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A number of weak economic readings, both on the domestic and international fronts, left most of the benchmarks languishing in the red. While initial claims for unemployment benefits was around two-month high, manufacturing suffered the weakest quarter in three years and leading indicators declined in August in the U.S.; manufacturing activity also declined in China and Europe. However, benchmarks managed to make good most of their losses, with the Dow finishing in the green as investors remained somewhat optimistic.
The Dow Jones Industrial Average (DJI) gained 0.1% to end at 13,596.93. The Standard & Poor 500 (S&P 500) slipped a paltry 0.79 point or 0.1% to finish yesterday’s trading session at 1,460.26. The tech-laden Nasdaq Composite Index was down 0.2% to close at 3,175.96. The fear-gauge CBOE Volatility Index (VIX) edged up 1.4% to settle at 14.07. Consolidated volumes on the New York Stock Exchange, American Stock Exchange and the Nasdaq was roughly 6.15 billion shares, lower than the year-on-year daily average of 6.54 billion. For three stocks that declined, two stocks closed in the green.
Starting with the weak economic readings on the domestic front, the U.S. Department of Labor reported that seasonally adjusted initial claims were at 382,000 for the week ending September 15, a slight decline of 3, 000 from the prior week’s revised figure. Initial claims were way above consensus estimates of 375, 000. Apart from the wider-than-expected initial claims figure, the 4-week moving average also increased 2,000 from the earlier week to 377,750.
Separately, financial information company Markit reported that manufacturing in the U.S. had suffered its worst quarter in three years. According to the firm, the preliminary manufacturing Purchasing Managers Index was flat compared to the earlier month at 51.5 in September. The third quarter average was also 51.5, down from 54.2 in the prior quarter. Additionally, output grew at its slowest pace since September 2009. Markit’s chief economist Chris Williamson said: “With output growing at the slowest pace since the recovery began, the manufacturing sector may have even acted as a slight drag on the economy in the third quarter”.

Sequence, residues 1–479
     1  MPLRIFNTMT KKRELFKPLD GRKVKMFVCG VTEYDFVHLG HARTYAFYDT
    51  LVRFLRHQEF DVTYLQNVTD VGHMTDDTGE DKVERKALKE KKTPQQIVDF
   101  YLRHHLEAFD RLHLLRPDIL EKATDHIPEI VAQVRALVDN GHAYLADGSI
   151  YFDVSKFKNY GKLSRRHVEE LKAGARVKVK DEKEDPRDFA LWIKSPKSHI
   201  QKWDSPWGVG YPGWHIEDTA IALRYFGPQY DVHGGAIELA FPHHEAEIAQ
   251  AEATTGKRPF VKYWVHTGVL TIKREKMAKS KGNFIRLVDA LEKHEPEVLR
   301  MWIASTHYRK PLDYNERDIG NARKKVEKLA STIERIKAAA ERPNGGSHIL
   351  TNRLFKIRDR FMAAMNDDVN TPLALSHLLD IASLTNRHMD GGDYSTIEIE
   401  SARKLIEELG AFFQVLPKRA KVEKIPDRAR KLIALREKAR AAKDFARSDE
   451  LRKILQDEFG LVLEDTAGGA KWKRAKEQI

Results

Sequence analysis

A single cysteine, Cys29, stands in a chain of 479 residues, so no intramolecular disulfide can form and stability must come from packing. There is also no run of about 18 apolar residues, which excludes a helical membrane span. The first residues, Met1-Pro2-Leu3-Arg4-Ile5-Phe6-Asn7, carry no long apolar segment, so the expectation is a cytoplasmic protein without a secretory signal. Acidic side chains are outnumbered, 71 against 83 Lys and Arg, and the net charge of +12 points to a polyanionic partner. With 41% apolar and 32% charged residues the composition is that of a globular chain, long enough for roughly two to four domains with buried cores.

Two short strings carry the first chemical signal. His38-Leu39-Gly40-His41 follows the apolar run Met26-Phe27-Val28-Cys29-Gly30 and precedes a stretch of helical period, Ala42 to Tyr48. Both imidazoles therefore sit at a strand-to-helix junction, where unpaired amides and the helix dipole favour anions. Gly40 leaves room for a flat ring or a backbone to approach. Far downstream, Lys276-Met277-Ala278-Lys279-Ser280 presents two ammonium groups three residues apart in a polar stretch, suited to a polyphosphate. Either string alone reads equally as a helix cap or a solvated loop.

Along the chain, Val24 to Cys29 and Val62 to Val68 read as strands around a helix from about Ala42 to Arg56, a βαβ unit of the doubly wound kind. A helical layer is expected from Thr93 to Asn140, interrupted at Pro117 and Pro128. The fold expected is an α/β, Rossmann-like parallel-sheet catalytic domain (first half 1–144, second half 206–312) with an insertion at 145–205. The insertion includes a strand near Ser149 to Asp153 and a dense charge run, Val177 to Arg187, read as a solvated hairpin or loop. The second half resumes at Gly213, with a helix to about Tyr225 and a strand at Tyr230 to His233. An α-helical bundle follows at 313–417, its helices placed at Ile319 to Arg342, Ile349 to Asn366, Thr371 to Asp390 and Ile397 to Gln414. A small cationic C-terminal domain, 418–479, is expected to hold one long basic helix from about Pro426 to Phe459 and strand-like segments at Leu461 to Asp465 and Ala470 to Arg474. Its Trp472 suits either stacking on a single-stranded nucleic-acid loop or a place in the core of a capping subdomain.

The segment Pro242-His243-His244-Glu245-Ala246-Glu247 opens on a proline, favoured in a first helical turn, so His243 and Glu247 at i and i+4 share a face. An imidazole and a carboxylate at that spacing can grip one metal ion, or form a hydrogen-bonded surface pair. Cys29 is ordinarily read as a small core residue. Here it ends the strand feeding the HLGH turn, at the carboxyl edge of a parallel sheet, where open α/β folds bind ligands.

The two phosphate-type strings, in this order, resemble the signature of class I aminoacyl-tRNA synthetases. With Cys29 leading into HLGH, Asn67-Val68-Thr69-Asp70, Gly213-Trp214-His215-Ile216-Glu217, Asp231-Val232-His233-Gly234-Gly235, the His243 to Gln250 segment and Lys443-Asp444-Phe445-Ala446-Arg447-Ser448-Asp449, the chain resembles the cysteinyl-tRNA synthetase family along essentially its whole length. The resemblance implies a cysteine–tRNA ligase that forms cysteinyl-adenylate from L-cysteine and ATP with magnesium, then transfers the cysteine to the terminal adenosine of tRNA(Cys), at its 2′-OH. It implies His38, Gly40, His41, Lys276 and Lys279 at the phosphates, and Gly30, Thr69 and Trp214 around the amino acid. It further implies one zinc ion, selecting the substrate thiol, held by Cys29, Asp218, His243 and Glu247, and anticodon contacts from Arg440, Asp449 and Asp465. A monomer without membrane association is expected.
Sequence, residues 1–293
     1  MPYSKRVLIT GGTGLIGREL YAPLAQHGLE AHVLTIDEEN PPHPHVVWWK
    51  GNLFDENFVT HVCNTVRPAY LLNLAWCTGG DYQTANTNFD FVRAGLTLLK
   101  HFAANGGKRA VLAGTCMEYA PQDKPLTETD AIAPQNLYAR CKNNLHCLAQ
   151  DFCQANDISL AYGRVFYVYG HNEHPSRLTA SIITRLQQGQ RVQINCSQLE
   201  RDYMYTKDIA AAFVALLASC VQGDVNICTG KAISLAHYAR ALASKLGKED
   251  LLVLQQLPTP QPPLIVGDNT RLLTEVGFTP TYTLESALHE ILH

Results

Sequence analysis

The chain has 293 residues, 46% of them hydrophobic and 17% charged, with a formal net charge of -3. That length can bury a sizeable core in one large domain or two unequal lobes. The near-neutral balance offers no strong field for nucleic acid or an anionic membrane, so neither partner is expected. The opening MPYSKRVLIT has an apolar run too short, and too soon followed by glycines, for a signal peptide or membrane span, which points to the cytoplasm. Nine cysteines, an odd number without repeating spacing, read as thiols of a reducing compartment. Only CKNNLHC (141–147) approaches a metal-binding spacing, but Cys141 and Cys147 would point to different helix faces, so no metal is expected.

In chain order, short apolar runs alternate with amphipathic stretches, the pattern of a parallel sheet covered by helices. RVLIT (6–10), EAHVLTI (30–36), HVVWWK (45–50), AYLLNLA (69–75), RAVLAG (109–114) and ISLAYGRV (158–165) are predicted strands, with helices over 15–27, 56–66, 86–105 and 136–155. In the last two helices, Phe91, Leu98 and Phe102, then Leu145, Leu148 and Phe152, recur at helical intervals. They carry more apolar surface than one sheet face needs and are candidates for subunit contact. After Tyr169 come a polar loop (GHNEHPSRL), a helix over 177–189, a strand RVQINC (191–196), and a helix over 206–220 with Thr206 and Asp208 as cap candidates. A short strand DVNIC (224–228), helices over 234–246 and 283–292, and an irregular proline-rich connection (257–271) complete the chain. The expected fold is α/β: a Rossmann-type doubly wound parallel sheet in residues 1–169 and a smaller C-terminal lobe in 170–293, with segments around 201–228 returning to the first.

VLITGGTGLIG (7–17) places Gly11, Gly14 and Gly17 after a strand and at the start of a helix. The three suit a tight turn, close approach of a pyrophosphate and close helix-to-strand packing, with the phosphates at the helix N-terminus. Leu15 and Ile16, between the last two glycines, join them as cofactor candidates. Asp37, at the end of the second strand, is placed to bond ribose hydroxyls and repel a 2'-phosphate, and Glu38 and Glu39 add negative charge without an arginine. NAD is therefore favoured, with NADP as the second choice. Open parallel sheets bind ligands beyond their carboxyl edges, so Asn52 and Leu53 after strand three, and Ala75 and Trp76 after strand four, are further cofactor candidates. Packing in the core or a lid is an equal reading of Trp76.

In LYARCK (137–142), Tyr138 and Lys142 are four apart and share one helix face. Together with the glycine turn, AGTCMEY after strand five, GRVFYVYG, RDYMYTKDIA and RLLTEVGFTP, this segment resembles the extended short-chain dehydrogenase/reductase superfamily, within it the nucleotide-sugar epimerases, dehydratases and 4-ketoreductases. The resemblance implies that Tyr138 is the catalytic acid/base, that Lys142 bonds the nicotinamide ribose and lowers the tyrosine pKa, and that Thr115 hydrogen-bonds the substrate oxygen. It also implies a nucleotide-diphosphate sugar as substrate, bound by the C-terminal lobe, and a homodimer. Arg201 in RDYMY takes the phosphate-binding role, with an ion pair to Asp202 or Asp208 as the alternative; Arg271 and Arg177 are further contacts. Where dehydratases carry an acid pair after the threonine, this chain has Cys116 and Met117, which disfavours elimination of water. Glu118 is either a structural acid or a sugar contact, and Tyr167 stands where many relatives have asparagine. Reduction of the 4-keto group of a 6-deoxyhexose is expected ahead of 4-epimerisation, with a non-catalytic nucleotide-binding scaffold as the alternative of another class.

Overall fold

The leading indicators index, used as a barometer of economic activity over a range of three to six months, also reported a dismal trend. The Conference Board Leading Economic Index slipped 0.1% in August in contrast to a 0.5% rise in July. Also, consensus estimates was expecting it to be on a break-even level. Striking a cautious note, Ken Goldstein, economist at The Conference Board, said: “The economy continues to be buffeted by strong headwinds domestically and internationally. As a result, the pace of growth is unlikely to change much in the coming months. Weak domestic demand continues to be a major drag on the economy”.
As mentioned earlier, economic data was dismal on the international front as well and China’s manufacturing was contracted for the 11th month in a row. The preliminary reading of the China HSBC manufacturing PMI was 47.8 for September, a slight improvement from 47.6 in August. While HSBC’s chief economist Qu Hongbin attributed the dismal show to “weak new business flows and a longer than expected destocking process”, he sounded positive about the period going forward and said: “The recent easing measures should be working to lead to a modest improvement from the fourth quarter onwards”. Separately, Markit reported that Euro-zone’s purchasing composite managers index dropped from 46.3 in August to 45.9 in September.
While economic readings combined to dent the benchmarks, all of which hinted at a slowdown in economic activity, the financial sector closed in the red. The Financial Select Sector SPDR (XLF) was down 0.6% and stocks including American Express Company (NYSE:AXP), Bank of America Corporation (NYSE:BAC), Citigroup, Inc. (NYSE:C), The Goldman Sachs Group, Inc. (NYSE:GS), Morgan Stanley (NYSE:MS) and U.S. Bancorp (NYSE:USB) declined 0.6%, 1.1%, 1.1%, 1.2%, 2.1% and 0.9%, respectively.